Cassette County: Three Local Cassette Labels
In 2010, Billboard Magazine's annual album sales evaluation read thusly: physical sales were sinking like a septic tank full of concrete, except for vinyl. Sales of records were up 14 percent to 2.8 million units that year. Don't go proclaiming vinyl an industry savior. It's hardly enough to resuscitate the flagging physical music industry back to its '90s heights, but the vinyl resurgence has been acknowledged even by big-time retailers. Best Buy and FYE have been stocking not only classic vinyl reissues but also shilling USB turntables that can convert my grandparents' neglected Lawrence Welk LPs into shiny invisible MP3s I'll never play.
Kapala's Moon Rivers on Tago Bella
A less heralded revival is the reemergence of the cassette tape, the supposedly lowly medium that rode the ebb of the vinyl wave but was trampled by compact discs in the early '90s. As the vinyl uptick has gained recognition in the last few years, boutique tape labels like Night People and Not Not Fun have established a proving ground for emerging acts like Dirty Beaches and Peaking Lights.
According to Billboard, 60 percent of vinyl sales in 2010 were generated by indie acts with the rest constituted by classic heritage artists. Both vinyl and cassette tapes have unique sonic and visual qualities that "cool kids," music lovers, and rabid collectors appreciate. So why haven't tapes trickled into Urban Outfitters, giving ghetto-blasters a nostalgia sales bump?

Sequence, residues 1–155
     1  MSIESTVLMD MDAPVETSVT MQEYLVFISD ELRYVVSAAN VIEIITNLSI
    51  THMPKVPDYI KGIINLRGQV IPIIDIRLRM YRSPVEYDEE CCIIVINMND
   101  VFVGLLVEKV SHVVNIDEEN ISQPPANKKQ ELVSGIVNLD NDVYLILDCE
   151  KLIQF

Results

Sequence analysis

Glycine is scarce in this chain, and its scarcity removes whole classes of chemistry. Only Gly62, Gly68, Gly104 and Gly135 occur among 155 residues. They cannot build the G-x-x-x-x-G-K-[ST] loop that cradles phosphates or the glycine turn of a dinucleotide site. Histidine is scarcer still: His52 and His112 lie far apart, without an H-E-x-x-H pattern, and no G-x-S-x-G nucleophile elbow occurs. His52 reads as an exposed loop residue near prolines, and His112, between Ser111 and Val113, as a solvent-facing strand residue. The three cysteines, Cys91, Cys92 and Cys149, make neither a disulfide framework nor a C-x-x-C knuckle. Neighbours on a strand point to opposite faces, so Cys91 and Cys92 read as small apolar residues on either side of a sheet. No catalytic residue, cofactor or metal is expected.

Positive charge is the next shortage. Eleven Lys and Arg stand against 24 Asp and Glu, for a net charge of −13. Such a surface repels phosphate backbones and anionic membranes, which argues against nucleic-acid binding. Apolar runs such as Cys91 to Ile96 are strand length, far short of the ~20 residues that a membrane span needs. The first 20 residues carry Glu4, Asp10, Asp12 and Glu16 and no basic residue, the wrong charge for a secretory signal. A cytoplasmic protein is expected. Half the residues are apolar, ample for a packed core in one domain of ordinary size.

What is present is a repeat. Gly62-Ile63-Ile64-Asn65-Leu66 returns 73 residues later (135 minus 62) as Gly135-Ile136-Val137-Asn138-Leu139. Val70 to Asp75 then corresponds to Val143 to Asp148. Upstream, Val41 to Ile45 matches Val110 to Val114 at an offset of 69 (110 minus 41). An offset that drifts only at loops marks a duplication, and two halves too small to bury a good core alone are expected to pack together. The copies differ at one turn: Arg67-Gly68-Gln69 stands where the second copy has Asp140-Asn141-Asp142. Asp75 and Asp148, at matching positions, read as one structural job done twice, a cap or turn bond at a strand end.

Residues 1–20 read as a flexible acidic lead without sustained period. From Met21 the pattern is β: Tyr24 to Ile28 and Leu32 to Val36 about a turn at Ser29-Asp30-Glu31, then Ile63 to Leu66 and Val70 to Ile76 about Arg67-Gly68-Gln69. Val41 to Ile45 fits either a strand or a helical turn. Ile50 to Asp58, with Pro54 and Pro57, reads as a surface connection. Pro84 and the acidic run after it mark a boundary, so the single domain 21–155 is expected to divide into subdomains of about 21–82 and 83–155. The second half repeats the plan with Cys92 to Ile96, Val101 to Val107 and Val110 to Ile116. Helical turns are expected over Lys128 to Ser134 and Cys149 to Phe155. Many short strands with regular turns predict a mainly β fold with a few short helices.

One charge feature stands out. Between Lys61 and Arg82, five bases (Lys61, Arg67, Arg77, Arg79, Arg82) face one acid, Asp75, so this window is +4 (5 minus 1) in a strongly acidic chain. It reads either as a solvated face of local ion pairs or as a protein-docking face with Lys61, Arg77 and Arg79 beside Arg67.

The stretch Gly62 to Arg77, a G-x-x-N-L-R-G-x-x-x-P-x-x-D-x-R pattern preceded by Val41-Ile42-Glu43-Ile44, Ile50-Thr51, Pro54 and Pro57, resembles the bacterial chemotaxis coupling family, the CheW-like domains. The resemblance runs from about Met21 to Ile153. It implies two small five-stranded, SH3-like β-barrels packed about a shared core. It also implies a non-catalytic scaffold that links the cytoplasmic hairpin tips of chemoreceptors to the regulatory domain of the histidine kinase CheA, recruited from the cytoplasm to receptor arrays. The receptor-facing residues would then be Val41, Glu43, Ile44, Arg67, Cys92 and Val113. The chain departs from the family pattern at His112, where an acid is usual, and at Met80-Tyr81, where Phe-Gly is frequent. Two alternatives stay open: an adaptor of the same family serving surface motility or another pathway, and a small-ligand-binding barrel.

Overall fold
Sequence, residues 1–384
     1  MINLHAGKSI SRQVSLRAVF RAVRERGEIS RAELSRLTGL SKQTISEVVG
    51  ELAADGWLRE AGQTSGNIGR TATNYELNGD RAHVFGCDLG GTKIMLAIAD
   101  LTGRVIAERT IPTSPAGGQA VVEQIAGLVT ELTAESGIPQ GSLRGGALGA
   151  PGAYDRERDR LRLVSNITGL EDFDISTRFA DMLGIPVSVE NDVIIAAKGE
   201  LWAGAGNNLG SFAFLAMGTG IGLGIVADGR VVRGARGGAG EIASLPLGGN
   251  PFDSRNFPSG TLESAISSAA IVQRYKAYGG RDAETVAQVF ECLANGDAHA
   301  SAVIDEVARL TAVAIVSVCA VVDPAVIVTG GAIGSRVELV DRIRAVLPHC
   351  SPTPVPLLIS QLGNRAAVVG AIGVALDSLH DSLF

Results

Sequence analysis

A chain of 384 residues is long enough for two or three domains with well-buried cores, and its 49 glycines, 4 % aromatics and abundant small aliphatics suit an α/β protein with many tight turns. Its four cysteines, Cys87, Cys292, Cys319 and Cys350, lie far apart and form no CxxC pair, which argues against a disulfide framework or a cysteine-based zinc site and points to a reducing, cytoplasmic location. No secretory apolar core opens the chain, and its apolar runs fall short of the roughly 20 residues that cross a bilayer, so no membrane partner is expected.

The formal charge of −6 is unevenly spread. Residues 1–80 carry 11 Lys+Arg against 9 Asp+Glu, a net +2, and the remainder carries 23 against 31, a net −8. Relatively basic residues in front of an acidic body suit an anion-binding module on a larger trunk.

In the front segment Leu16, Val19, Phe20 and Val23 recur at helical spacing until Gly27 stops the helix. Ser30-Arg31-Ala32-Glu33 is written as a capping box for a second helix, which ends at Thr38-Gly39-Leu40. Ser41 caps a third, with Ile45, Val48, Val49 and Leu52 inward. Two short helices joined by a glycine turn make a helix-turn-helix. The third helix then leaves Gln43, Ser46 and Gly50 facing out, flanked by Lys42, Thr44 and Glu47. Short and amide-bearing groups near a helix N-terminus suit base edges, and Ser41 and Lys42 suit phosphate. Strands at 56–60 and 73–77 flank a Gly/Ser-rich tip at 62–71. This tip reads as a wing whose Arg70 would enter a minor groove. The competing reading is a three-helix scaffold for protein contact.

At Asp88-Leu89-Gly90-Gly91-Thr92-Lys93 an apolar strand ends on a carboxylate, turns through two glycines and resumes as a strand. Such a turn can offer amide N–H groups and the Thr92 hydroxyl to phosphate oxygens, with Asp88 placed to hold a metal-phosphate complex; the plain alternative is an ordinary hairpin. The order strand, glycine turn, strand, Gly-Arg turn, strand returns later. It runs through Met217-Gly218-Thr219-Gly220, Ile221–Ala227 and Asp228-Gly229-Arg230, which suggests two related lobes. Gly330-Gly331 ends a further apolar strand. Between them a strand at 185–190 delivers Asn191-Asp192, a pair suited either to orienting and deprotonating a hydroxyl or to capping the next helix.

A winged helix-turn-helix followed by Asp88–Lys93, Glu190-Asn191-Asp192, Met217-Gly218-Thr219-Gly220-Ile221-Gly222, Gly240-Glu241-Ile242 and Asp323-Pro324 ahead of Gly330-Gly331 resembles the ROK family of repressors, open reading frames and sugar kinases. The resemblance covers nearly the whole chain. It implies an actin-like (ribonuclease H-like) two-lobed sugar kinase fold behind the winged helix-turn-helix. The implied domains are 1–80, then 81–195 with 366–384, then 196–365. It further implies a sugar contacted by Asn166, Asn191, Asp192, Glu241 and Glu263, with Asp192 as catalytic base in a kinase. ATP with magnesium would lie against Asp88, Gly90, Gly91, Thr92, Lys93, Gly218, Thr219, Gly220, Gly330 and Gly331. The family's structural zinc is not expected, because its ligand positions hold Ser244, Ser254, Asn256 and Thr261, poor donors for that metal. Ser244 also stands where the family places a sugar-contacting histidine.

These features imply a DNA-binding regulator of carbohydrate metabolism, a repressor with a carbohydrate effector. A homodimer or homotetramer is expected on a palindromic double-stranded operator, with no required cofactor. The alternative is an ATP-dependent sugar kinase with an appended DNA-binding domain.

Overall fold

Perhaps it's just a matter of time. For now, tapes remain a hand-assembled staple of small-time independent labels. In keeping the cassette alive, these three Phoenix-area tape labels point to the cost-friendliness of tapes, their modest and intimate ethos and, of course, their unique acoustic properties.
Melissa Marriott says she founded Le Horror with her friend Brett Thomas in early 2010 as an active way to put out songs by Thomas' acoustic project, The Prevailing Nothing. "[Thomas] was going to put out his tape anyway," Marriott says, "and he'd been trying to encourage me to do something in the music scene that was more participatory."
"It was something I knew I was capable of doing," she says.
Capability is key. Not only do they take up less space in the tour van, but cassette tapes act as a financially feasible release for bands either writing between albums or, most often, working toward their very first full-length. "Cassettes are a lot less overwhelming for some people, especially if you think you don't have enough material to fill up an LP," she explains.
Le Horror's locals-only roster includes the solo work of French Quarter's Stephen Steinbrink [disclosure: I play in French Quarter] and the dark baroque-folk of Baron Nieces. The size and practicality of tapes often reflect the humility of the artists. "It's a more reachable goal for a lot of bands, and for us, because obviously we're not making a ton of money," Marriott says.
The DIY self-sufficiency of the cassette aesthetic is a modest alternative to self-hype. Marriott's own band, vintage post-punks Vegetable, have experienced the disorienting, sometimes uncomfortable manner in which bands try to court bigger labels to issue their newest material. "It's really weird to approach someone and say 'Hey, you wanna listen to this and see if you can put it out?'" she said.